The Slugger's Wife (1985) / Comedy-Romance
MPAA Rated: R for sexuality and language
Running Time: 105 min.
Cast: Michael O'Keefe, Rebecca De Mornay, Randy Quaid, Martin Ritt, Cleavant Derricks, Lisa Langlois, Lynn Whitfield, Al Hrabosky (cameo), Mark Fidrych (cameo), Ted Turner (cameo)
Director: Hal Ashby
Screenplay: Neil Simon
It could have been, and should have been, a much better film than it actually is. Marred by lots of problems in production behind the scenes, The Slugger's Wife is a case of "too many cooks" spoiling the broth, as veteran director Hal Ashby (Being there, Coming Home) had trouble working with the script by famed playwright Neil Simon (The Lonely Guy, The Odd Couple) to the detriment of the overall story. Simon was not one that liked anyone tampering with his scripts, and Ashby was an actor's director, allowing his thespians much leeway to alter dialogue in the way they see fit to make it work for them. Ashby was canned during the post-production, leaving the editing chores to the producers, who did everything they could to try to regain Simon's original vision, but to little avail. Word got out to the critics, who, like a shark sensing blood in the water, proceeded to ravage the final product with merciless fervor.
Michael O'Keefe (Caddyshack, The Glass House) stars as Altlanta Braves outfielder Darryl Palmer, an average player that finds his game elevated to superstar status now that he finds himself in love with a sexy nightclub singer named Debby (De Mornay, Runaway Train). the romance is awkward, but the two eventually get married, and Palmer looks like he will have a career year, on pace to break Roger Maris' record for most home runs in a season. Palmer is exhilarated by the highs, both on and off the field, but all of the attention he requires from Debby is hurting her fledgling singing career, so she leaves him to see if she can make it on her own. Despondent, Palmer finds himself striking out at the plate, as well as with Debby, and his life goes into a tailspin that he feels only she can bring him out of.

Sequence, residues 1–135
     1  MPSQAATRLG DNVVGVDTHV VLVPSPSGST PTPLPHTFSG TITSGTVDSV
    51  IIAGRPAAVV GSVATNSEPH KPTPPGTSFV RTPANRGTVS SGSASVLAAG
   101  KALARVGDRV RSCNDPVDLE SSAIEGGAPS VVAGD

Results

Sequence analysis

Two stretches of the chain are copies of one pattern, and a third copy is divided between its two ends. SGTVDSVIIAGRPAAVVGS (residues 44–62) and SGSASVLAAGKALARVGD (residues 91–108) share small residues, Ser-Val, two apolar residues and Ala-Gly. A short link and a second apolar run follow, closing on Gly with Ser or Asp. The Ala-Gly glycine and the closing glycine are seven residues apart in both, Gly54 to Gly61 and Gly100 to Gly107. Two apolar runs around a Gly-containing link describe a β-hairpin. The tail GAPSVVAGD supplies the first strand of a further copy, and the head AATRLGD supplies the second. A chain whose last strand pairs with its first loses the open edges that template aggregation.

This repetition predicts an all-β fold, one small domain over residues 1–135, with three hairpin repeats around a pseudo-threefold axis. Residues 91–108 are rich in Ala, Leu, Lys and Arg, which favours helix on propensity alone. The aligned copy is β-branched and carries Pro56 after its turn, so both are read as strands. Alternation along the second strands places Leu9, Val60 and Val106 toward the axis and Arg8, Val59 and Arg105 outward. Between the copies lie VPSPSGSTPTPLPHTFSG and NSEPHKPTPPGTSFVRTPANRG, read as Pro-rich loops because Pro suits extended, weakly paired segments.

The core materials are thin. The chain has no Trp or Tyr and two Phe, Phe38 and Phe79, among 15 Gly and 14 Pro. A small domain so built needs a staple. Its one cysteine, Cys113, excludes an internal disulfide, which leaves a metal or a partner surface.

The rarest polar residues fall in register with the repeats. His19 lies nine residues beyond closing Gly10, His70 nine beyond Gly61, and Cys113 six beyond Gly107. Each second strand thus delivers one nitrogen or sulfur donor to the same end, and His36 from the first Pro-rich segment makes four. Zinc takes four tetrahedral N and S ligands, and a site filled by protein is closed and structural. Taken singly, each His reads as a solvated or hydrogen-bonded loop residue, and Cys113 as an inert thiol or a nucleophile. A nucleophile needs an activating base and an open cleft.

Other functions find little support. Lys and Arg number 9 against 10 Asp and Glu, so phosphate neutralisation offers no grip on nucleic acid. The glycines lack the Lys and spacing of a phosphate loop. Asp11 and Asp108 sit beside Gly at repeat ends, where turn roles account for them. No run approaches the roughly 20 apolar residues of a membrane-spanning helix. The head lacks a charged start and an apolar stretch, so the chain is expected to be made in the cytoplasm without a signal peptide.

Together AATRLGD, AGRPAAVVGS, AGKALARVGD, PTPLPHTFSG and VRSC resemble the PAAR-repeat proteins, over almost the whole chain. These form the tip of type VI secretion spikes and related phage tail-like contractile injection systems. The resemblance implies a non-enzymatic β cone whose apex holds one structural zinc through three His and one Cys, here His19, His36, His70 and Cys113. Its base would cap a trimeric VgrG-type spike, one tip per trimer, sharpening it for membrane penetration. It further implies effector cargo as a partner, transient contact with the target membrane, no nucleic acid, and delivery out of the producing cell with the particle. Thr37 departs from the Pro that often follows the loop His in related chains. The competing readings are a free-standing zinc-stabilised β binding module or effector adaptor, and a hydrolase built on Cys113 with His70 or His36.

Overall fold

All things considered, The Slugger's Wife isn't a bad film in story, but it doesn't really gain much momentum to be called good either. Perhaps the biggest problem comes from the casting of the two leads, O'Keefe and De Mornay. Both have proven to be competent actors when given roles that play to their strengths, but their as oddball sentimentalists stuck in a hot-cold relationship, their limitations are exceeded far too many times, and it shows glaringly. It doesn't help that Ashby allowed De Mornay to do her own singing in the film because, quite frankly, she can't. This makes her excursion to find her own way to stardom as a singer seem all the more selfish, as it is obvious Debby has only marginal talent, and she doesn't do much other than cover songs (and quite poorly at that).
One can see that underneath the uneven execution, an interesting story is there, and just enough of it remains to make The Slugger's Wife arresting and intelligent from time to time. However, even this can be frustrating because such smart and witty dialogue sounds strange coming out of characters that prove to be such simpletons, like listening to Forrest Gump expound on Einstein's theories. Neither De Mornay nor O'Keefe have sufficient charisma to make their flawed characters remotely appealing, and when things go awry in their marriage it comes as no surprise, since there weren't many sparks to begin with.
The Slugger's Wife remains a very flawed film, but fans of baseball flicks, music of the mid-80s, and of the two leads may find just enough to hold their attention to make it worthwhile. In baseball statistics, the movie is an oft-slumping .250 hitter with occasional pop at the plate.
©2005 Vince Leo